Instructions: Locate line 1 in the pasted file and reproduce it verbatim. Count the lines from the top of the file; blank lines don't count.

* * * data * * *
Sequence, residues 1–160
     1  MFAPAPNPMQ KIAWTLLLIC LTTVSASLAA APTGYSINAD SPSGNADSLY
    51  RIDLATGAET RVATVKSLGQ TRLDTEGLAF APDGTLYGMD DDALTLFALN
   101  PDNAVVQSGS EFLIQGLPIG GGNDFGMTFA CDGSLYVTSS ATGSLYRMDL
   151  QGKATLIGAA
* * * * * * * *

Sequence, residues 1–160